Foles is currently the starting QB for the Eagles and has 19 TD passes and 0 interceptions this season, one TD away from an NFL record.

2008 Recruiting Class

Texas QB recruit:

NONE (good call, Mack)

Who Texas Passed On or Didn't Land

This is where the list truly gets ABSURD...

Andrew Luck - #9 player in Texas, #1 QB, 4 star (Stanford)

From: Houston, TX

Wow. What more can you say about Luck... Possibly the most talented QB in college in 15 years, 2X Heisman runner-up, #1 pick in NFL Draft and NFL superstar in his second season as the Colts QB. Oh, and his dad is a Texas Law School grad....

He also happened to lead Stanford to BCS Bowls in 2010 and 2011, while Texas went a combined 13-12 with a Holiday Bowl win over lowly Cal.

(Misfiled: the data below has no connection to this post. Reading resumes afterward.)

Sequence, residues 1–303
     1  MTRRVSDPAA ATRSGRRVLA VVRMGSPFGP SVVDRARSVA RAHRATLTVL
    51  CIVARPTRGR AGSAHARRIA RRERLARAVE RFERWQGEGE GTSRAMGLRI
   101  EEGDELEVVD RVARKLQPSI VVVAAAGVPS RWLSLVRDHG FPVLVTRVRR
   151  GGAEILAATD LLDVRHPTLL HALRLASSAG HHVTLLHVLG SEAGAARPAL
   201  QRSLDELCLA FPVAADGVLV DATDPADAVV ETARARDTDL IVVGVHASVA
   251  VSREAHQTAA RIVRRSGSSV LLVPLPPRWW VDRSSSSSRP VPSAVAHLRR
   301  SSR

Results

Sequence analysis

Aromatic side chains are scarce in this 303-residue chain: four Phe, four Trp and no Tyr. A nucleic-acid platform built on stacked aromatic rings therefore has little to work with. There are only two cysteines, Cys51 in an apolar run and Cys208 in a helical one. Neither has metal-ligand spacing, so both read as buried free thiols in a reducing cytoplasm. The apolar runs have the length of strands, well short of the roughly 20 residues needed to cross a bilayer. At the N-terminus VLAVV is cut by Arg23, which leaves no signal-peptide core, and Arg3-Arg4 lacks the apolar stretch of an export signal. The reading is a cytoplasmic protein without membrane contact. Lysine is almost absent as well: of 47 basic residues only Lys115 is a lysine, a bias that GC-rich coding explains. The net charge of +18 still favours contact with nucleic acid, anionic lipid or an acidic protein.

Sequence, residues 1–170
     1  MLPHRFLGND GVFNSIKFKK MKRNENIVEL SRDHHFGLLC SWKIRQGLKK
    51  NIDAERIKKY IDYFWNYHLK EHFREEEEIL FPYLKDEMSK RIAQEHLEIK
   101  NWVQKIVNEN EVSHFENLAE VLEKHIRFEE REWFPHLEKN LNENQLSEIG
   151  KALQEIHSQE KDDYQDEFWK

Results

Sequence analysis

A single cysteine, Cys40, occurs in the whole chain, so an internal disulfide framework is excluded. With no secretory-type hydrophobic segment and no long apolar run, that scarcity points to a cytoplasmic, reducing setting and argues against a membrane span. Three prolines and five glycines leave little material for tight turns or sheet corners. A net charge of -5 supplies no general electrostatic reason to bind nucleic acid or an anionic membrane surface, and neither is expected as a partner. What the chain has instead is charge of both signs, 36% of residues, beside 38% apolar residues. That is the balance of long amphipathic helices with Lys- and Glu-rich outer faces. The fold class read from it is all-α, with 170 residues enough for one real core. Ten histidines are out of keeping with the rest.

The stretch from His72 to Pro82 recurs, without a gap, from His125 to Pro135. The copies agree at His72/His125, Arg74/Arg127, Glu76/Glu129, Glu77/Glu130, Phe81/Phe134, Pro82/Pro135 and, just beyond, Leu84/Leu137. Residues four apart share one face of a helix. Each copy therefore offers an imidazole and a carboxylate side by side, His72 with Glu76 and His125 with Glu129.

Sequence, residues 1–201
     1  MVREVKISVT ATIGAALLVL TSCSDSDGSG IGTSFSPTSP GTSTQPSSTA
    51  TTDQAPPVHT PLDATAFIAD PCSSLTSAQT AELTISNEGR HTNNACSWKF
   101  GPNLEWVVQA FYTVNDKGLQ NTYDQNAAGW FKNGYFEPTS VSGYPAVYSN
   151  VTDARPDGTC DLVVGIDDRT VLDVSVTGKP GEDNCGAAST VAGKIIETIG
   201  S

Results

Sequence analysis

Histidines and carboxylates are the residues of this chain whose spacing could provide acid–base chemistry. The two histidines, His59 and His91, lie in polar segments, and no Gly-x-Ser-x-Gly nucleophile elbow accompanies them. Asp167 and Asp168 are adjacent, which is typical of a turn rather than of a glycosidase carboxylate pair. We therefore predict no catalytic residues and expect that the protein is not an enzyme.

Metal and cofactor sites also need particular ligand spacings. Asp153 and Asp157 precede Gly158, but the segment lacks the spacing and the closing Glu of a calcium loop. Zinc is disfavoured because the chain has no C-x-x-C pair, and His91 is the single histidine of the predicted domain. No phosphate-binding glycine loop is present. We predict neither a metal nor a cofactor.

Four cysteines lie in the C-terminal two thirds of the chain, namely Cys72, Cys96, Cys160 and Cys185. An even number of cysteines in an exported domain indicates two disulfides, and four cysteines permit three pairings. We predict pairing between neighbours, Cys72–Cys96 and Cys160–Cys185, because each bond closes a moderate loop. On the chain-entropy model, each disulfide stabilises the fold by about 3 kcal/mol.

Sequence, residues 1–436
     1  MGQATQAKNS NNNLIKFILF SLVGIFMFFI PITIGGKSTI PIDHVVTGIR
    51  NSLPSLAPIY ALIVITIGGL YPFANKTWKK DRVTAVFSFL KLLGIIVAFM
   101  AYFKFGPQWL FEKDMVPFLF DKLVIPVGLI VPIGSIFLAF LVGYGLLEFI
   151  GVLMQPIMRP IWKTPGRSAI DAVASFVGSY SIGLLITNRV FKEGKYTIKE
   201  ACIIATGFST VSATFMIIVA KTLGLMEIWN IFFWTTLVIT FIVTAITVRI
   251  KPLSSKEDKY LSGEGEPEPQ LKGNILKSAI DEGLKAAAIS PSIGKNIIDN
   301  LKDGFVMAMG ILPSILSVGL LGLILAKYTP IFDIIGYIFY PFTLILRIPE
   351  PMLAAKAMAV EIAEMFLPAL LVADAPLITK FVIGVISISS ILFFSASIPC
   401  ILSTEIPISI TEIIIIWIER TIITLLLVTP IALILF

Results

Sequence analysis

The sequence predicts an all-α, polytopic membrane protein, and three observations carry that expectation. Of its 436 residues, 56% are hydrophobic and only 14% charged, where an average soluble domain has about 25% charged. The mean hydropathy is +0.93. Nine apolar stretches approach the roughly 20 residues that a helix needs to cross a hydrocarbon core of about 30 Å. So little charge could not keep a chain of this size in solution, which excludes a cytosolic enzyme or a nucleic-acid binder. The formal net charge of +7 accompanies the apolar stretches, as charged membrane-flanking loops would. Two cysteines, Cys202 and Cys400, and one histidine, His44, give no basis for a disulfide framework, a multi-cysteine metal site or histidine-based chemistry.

Robert Griffin III - #42 player in Texas, #2 QB,  4 star (Baylor)

From: Copperas Cover, TX

I mean, seriously? You had two generational QB's in your backyard in the same high school class, and the Texas Longhorns didn't land either one.

RG3 has had a ho-hum career... he only won the Heisman Trophy, was #2 pick in the 2012 NFL Draft and led the Redskins to the playoffs as a rookie.

Darron Thomas - #43 player in Texas, #3 QB, 4 star (Oregon)

From: Aldine, TX

While not as big of a name as Luck or RG3, Thomas was a two-year starter at Oregon in 2010 & 2011, leading the Ducks to back-to-back Pac 12 Championships, the BCS Championship Game (where they lost to Auburn) and a Rose Bowl win over Wisconsin. He went 24-3 as a starter for the Ducks.

2009 Recruiting Class

Texas QB recruit:

Garrett Gilbert - #3 player in Texas, #2 QB, 5 star